The lodge itself seemed removed from civilization; the nights had that therapeutic quiet about them. The food was simple, yet delicious, and a welcome change from the excesses of the cruise. And there was Wifi.

Thursday, September 24, 2015

Hạ Long Bay

Legend has it that when Vietnam was just getting created it was under constant threat from its enemies. Heaven-dwelling dragons came to its timely rescue and spat out jade and other stones at the enemy which landed in the sea forming the archipelago called Hạ Long bay, now recognized as a Unesco heritage site. Of course, the real story involving a lot of geological drama - erosion, swelling of the seas, tectonic activity pushing up the karst over the sea level - and stretching hundreds of millions of years is even more fascinating. It has left behind a spectacle the likes I haven't seen before. Thousands of tiny green islands in a still emerald green sea.

We spent 24 hrs cruising around the bay, stepping out every now and then to visit some of the islands and the limestone caves in them, to explore the waters on a kayak, or to see an oyster farm. Otherwise we were on a nice little boat taking in the extraordinary sights all around us, which included one of the most ravishing sunsets I've seen.

I was torn between deciding whether I wanted to spend more days on the cruise or not. While my senses were clearly not satiated from the sheer natural beauty on display, sitting on a cruise gives you no experience of Viet Nam. Admittedly no form of tourism or short term travel can really acquaint you with all the naked truths of a region you are visiting, but the sanitised bubble that is a cruise can denude even more of the context of the place. I was now eager to see the rest of Viet Nam. Besides I couldn't afford another night on the cruise, so on we went to our next destination, Ninh Binh.

Wednesday, September 23, 2015

Crossing a busy street in Hanoi

The traffic in Hanoi, or in any other big city in Vietnam for that matter, resembles what you’d see in most Indian cities. Endless streams of vehicles -largely two-wheelers- that ignore lane markings and occupy every little inch of road available. If they are not at a zebra crossing, pedestrians don’t have an easy rule book to follow to cross such streets. In India you typically use one of two approaches. If you are brazen enough, you take on the traffic, start walking towards the other end brushing off the raucous honking or the gentle abuses that come your way. In the second approach, you rely on your fitness, finding the windows of opportunity and bolting across.

In Vietnam they have settled on a third approach that works beautifully even on 6-lane streets where the Indian strategies would fall apart. Here’s how it works. Your common sense might beg you against it but you walk straight into the flow of traffic towards your destination on the other side of the road. Provided you keep a slow constant pace, traffic - without slowing or stopping - will go around you at a reasonably safe distance like you see in those wind tunnel flow visualizations. This boggles the mind because the approach requires a tacit contract between the drivers (who need to judge whether to go in front of you or behind you depending on your speed) and the pedestrians (who need to stick to predictable speed and direction). Best of all, you'll not hear a single beep of the horn. If you take the leap of faith the first couple of times you’ll eventually feel like a modern day, freshwater version of Moses as the river of traffic splits and rejoins around you while you travel to the bank in an invisible bubble.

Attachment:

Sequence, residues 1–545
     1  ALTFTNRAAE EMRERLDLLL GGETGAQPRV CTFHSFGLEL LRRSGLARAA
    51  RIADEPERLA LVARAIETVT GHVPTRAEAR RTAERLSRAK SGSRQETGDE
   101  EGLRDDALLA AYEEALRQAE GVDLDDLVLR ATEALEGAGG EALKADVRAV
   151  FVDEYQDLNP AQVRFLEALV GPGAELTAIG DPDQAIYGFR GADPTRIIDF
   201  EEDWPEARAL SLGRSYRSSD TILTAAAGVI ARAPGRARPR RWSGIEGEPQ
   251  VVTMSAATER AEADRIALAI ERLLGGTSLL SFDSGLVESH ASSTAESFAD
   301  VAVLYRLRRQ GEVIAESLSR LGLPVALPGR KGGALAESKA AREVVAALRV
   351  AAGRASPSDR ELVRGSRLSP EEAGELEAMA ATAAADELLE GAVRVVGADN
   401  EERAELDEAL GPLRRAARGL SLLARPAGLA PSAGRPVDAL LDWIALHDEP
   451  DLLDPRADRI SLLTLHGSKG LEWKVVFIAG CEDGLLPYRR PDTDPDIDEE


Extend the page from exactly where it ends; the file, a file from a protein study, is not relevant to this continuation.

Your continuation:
Tuesday, September 22, 2015


My next set of posts will be about our recent trip to Vietnam that took us from the capital city of Hanoi, over to the archipelago in Ha Long bay, to the largest city, Saigon, and then to Cần Thơ in the Mekong delta, and finally to Cát Tiên national park in the south of the country.

Monday, September 14, 2015


These are impressions from 4 short days in Burma we spent in the end of Aug.

Street food: I’m a sucker for cultures that spend their evenings sitting around in street cafes, eating and drinking. Yangon, at least the chinatown part where we stayed in, seems to fit the bill. Even with the inflated prices they quote to foreigners the street food is fairly inexpensive. Here’s a lady preparing papaya salad and noodles in the middle of Yangon market.

Pagodas are everywhere in this country. This one below is called the Botataung pagoda that claims to house a sacred hair of Gautama Buddha. I can neither confirm nor refute that claim.

Circular train
There’s a metre gauge rail track that circumscribes the city of Yangon. A full circle ride on the train takes 3.5 hrs and is a great way to let the sights and sounds of this city sink in. Here’s a market spilling over into the tracks in one of the stations on that route.

A cheek paint, called Thanaka, made out of ground bark is a common feature on every cheek in Myanmar. After a short while you’ll stop finding it odd.